This bit of good luck was the last Company C would enjoy for a while. The British pathfinders landing with Ross discovered the Eureka radio transmitters they were supposed to place on DZ “V” had mostly been shattered on landing. Many of the beacon lamps intended to light the way for following waves of transports were also lost or inoperative. Worse, huge clouds of dust raised by an ongoing RAF bombing mission almost completely obscured the drop zone.
Heavy antiaircraft fire forced many transport pilots to take evasive action. Yet their sharp maneuvers made it even more difficult for navigators to find the DZ, as well as tossing the anxious paratroopers around like pinballs inside their planes. Bill Lovatt, a 19-year-old private, remembered, “As I approached the door I was flung back violently to the opposite side of the aircraft in a tangle of arms and legs.” Somehow, Lovatt made a successful jump.
To escape the flak, some pilots sped up. “The plane was going much too fast,” said Captain John Simpson. “When I went out the prop blast tore all my equipment off…. All I had was my clothes and my .45 revolver with some ammo.” Indeed, over 70 percent of the battalion’s communications gear, support weapons, and equipment bundles were never recovered. Many troopers also lost their leg bags, which were ripped away during the jump.
Private Jan de Vries landed far from his intended DZ. “I wondered where the heck I was when I hit the ground,” he later recalled. “I spent all night trying to find my way in the dark toward my rendezvous point near the coast, dodging enemy patrols the whole way.”
Several planeloads of jumpers came down in marshes or flooded zones. “Looking out of the plane it looked like pasture below us, but … I landed in water,” remembered Private Doug Morrison. “The Germans had flooded the area a while back and there was a green algae on the water so it actually looked like pasture at night from the air.”
The battalion commander also made a water landing. “I personally was dropped a couple of miles away from the drop zone in a marsh near the River Dives,” Lt. Col. Bradbrooke stated, “and arrived at the rendezvous about one and a half hours late and completely soaked.”
The jump had been a disaster. Fully half the battalion’s officers were lost, dead, or captured; the fate of Operation Neptune might well hinge on those still able to follow orders. Their years of training now began to pay off. Individually or in small groups, the soldiers of 1 CAN PARA BN got moving. They had work to do.
Major Murray MacLeod was supposed to have more than 100 men from Company C assembled on DZ “V” for the Varaville attack. Instead, a mere 15 Canadian paras were on hand when the aggressive officer began his assault at 0030 hours. MacLeod could not tarry. The main drop was due to occur at any time, and a German position at the Chateau de Varaville threatened the entire area. It had to be eliminated.
After collecting another five troopers along the way, Major MacLeod positioned half his force to provide covering fire while he led the rest up into an abandoned gatehouse. From there MacLeod could observe an elaborate defensive position, complete with a 75mm gun, in the Chateau’s courtyard. He estimated there were at least 100 German soldiers facing his 20 Canadians.
The enemy announced its presence by putting a 75mm round through the gatehouse roof. MacLeod’s men returned fire with a PIAT antitank launcher, which missed. The Germans’ next high-explosive shell was more accurate, though, killing three paras outright while mortally wounding the major.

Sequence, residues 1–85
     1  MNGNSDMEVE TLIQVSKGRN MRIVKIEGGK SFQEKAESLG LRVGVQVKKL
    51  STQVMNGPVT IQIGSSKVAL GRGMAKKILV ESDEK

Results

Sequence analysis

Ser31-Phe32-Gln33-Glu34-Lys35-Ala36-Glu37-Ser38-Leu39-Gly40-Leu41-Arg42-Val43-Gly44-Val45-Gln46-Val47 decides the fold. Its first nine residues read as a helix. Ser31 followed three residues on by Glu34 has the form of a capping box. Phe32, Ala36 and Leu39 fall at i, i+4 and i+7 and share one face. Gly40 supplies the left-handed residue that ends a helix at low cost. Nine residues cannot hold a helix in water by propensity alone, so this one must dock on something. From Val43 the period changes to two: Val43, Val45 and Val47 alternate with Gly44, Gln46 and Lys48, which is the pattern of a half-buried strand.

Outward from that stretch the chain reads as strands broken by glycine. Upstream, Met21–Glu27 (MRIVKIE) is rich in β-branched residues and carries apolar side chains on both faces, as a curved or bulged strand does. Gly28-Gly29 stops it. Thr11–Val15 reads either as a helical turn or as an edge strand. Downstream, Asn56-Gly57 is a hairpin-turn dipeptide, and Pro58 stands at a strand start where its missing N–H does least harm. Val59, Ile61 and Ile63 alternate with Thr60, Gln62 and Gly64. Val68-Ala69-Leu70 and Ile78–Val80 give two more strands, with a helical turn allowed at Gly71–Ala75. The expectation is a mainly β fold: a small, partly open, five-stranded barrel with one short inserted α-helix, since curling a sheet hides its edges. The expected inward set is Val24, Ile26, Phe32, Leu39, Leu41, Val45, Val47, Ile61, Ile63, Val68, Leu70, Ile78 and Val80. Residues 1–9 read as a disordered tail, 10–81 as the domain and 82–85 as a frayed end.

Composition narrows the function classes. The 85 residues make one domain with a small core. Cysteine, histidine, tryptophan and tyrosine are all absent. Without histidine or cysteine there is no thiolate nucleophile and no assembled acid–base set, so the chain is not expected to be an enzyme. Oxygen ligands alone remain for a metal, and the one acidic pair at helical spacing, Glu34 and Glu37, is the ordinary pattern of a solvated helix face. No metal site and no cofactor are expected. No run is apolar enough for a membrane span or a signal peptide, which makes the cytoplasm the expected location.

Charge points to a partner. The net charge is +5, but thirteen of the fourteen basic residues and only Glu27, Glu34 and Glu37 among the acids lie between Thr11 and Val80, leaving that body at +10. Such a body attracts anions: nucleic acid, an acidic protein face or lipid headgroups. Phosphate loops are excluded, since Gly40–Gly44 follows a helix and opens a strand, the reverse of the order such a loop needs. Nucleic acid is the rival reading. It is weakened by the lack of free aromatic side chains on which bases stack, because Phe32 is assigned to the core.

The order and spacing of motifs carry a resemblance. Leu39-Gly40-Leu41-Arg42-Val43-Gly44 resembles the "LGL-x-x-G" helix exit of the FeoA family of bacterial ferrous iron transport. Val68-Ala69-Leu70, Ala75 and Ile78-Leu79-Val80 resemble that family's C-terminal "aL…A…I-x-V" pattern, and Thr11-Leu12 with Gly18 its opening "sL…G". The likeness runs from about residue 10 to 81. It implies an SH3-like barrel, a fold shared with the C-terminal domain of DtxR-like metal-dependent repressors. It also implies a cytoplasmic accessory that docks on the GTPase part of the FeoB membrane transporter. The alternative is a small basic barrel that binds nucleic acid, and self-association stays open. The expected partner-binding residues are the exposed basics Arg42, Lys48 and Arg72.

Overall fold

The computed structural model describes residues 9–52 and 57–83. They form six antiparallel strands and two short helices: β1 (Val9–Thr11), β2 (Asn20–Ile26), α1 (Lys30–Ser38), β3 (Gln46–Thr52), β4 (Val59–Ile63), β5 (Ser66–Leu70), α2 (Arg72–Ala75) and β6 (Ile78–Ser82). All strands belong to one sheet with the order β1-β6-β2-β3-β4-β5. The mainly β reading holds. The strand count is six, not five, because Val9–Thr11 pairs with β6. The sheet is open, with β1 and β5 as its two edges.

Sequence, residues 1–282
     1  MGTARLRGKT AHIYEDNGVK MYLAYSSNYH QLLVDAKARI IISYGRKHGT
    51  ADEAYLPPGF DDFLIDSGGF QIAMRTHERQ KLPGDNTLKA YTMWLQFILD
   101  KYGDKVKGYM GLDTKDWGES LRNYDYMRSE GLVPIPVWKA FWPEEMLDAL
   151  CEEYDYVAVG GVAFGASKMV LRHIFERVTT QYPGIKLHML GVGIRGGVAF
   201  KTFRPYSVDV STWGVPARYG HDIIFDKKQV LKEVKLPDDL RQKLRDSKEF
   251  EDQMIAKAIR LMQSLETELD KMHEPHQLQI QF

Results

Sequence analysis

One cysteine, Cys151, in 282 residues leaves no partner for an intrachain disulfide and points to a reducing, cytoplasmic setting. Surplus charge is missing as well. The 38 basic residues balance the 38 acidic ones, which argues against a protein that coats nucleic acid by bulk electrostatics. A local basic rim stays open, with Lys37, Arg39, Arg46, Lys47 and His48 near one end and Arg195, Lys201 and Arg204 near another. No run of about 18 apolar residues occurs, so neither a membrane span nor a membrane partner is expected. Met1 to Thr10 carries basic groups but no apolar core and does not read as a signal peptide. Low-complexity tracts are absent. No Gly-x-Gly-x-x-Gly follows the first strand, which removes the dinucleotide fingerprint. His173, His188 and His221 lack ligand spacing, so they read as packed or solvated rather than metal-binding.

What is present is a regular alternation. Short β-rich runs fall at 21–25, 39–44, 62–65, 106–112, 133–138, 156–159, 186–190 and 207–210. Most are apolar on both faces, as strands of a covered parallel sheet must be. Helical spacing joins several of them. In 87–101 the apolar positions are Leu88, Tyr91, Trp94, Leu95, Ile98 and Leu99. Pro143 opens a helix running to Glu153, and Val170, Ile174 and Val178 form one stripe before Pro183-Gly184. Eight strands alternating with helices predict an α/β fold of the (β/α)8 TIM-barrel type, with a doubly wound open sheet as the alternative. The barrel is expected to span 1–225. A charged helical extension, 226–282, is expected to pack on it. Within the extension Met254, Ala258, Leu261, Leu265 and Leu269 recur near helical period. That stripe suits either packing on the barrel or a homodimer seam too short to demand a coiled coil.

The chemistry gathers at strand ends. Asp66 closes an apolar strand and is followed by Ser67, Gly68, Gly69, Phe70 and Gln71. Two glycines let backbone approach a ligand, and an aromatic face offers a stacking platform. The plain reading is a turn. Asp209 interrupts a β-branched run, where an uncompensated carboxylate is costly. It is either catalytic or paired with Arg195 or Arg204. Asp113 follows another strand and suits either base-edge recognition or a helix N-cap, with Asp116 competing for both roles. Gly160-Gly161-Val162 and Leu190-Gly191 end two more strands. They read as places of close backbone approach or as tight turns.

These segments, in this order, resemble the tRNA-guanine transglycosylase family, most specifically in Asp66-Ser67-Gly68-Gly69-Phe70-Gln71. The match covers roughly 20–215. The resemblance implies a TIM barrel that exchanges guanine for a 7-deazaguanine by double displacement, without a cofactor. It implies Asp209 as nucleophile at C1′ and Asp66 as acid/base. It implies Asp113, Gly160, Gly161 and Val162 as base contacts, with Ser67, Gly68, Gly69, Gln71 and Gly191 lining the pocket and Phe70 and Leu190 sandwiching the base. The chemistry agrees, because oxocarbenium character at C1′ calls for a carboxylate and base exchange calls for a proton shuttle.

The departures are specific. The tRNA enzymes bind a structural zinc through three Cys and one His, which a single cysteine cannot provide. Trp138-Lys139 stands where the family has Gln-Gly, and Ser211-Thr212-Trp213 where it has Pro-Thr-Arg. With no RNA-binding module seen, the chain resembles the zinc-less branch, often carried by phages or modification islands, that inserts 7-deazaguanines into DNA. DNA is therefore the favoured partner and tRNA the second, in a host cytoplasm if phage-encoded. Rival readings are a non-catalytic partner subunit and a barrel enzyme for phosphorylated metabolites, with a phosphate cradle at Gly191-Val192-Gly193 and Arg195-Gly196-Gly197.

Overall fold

Captain John P. Hanson, company executive officer, took over and settled the men in for a siege. By daybreak another 15 misdropped paras had trickled in, adding their two-inch mortar and Bren guns to the fight. Well-trained Canadian riflemen began taking a deadly toll on their foes—at 1000 hours the Germans lost heart. Some 43 enemy soldiers came out under a white flag of surrender, and 1 CAN PARA BN’s primary D-Day objective had been achieved.
Back on DZ “V,” Lieutenant John A. Clancy of Company A could wait no longer. At 0600 hours the young platoon leader gathered everyone he could find—21 men in all—and headed out for the Merville Battery. Earlier that morning 150 soldiers from 9 PARA BN had successfully stormed that fortification, albeit with heavy losses. Clancy’s men arrived in time to help their British comrades care for the wounded before escorting 9 PARA’s survivors to an assembly area. The Canadians then moved out to join their parent battalion at the le Mesnil crossroads.
John Kemp, a sergeant with Company B, narrowly missed landing in the Dives River following his early morning jump. Pausing to gather a few mates, Kemp struck out for his objective at Robehomme. “Everybody got together pretty quickly,” he remembered, “and on our way to the bridge we heard a bicycle bell ringing. We had some French-Canadians in our battalion, and we managed to bring down this bicycle rider who turned out to be a girl, and we found out from her where the Robehomme Bridge was. As a matter of fact, she led us to the bridge.”
Eventually, 30 Canadians converged on Robehomme. With Major Clayton Fuller in command, they dug in and awaited the arrival of some British sappers who were supposed to help blow the span. By 0300 hours, Fuller could stand by no longer. Collecting all the paras’ high explosives, a team of men under Lieutenant Norman Toseland set off a charge that weakened but did not collapse the structure. Fortunately, a detail of airborne engineers showed up shortly thereafter to finish the job.
It was now past dawn, and Major Fuller could observe many well-armed enemy soldiers blocking his route to the battalion rendezvous at le Mesnil. Rather than risk the annihilation of his small force, Fuller chose to hide out during daytime and move overland only after nightfall. Picking up stragglers from several 6 AB DIV units along the way, Company B finally reached its destination at 0330 hours on June 8.